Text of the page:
Wednesday, October 23, 2013


I was sitting in the bath this morning and, out of nowhere, this popped into my head:

Alasdair Disdain crouched in the over-large bath and looked at the whirlpool jets built into it and wondered how to make them work. He looked at the scar running the length of his thigh, still fresh, still bruised. He looked away. He looked past the undrawn curtains into the street opposite, to the squat, stone-built house with the squat, stone-framed window behind which, minutes earlier, he had seen the scandalised face of an old woman staring at him as he ran the bath. He looked out at the grey Ochil Hills, surrounding him like the fortification of the damned. He wondered how he could come to such a place. Again.
There's a very conscious echo of Cormac McCarthy in this which may or may not be removed, but it sets the tone and tells me this is going to be dark. The man's same suggests it will be humorous. Other than that, I have absolutely no idea who Alisdair Disdain is or what happened to him or what is about to happen to him.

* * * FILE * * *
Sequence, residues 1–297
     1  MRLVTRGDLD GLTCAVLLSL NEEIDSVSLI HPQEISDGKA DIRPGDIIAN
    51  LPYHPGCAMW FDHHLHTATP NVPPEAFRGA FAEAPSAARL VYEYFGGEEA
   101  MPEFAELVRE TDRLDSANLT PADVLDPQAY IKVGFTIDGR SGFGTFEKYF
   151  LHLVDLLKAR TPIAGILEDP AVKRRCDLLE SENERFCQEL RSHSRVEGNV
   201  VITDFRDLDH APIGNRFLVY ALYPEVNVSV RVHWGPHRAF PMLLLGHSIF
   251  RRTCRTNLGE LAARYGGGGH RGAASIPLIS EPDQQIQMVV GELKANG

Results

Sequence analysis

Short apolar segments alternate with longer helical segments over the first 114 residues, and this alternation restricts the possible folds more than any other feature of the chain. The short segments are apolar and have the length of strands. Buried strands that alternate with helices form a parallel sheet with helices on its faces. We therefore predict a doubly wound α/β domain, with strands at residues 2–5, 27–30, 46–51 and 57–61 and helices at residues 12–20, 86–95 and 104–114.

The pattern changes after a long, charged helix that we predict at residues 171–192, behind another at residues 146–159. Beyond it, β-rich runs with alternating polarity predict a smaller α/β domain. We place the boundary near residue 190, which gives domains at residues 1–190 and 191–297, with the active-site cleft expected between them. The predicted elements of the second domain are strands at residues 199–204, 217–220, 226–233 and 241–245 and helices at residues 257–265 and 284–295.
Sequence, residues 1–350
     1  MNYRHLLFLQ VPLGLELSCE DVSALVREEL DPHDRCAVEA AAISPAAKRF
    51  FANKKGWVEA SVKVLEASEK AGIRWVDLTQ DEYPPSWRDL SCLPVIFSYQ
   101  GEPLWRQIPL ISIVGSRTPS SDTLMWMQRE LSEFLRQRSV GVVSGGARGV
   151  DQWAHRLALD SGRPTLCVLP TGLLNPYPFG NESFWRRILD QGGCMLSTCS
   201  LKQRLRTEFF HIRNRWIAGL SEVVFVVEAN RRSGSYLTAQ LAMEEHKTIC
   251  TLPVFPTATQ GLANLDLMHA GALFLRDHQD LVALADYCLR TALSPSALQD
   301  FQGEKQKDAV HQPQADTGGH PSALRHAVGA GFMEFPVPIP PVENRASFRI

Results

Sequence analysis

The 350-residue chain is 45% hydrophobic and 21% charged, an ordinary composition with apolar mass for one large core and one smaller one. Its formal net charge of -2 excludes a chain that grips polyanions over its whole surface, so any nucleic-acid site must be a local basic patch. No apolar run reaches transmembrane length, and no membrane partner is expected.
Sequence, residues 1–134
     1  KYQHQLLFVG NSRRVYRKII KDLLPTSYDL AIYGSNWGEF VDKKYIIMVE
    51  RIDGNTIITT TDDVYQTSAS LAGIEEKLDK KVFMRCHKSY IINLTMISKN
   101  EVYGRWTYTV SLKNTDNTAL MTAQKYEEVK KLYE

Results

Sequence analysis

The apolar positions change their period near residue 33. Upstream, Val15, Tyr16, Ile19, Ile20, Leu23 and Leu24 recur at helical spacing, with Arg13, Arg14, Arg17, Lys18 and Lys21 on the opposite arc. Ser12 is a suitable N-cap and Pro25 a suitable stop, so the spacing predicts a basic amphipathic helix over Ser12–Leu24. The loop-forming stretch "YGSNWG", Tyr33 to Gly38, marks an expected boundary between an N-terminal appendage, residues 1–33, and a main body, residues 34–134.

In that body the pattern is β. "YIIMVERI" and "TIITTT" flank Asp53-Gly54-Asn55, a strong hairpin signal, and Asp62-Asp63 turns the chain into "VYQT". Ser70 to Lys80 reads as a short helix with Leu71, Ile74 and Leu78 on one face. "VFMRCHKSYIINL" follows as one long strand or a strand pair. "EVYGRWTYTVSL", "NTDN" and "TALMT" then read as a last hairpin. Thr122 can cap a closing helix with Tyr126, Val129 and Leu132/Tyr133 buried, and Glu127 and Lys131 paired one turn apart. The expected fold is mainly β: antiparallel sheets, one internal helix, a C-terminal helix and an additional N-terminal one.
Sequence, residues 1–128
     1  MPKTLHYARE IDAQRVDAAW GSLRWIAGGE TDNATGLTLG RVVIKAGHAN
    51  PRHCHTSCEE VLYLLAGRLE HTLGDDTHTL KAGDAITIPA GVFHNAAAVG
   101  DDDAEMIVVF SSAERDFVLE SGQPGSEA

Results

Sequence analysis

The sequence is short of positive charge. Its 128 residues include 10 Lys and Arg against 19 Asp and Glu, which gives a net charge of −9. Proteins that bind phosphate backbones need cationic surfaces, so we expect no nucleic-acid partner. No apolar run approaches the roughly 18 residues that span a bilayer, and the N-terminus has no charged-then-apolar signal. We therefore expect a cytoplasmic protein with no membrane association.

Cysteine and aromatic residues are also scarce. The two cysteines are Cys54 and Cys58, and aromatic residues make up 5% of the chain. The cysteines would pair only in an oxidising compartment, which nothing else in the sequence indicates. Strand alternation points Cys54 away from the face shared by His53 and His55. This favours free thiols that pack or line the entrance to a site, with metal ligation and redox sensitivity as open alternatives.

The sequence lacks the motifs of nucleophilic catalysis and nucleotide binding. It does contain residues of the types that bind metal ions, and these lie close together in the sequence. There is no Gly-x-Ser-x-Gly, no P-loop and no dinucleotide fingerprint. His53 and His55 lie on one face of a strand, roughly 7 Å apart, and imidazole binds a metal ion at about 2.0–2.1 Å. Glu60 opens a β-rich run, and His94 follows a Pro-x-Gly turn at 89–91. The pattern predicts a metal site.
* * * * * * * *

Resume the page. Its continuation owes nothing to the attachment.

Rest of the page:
The first sentence tells us he is somewhere unfamiliar, maybe a hotel? The second tells us that something - probably violent - has happened to him recently. The third suggests he is in denial about this. The fourth suggests he is not good at considering the consequences of his actions. The fifth sets the location and suggests a mood. The sixth develops a predicament. And the seventh suggests that whatever that predicament is, he is returning to it, so he may be some kind of prodigal son.

What next? Who knows.... Ah the mystery of creative writing...


Jim H. said...


Tom Conoboy said...

yes could be. Or possibly Jack Broughton in Marilynne Robinson's Home.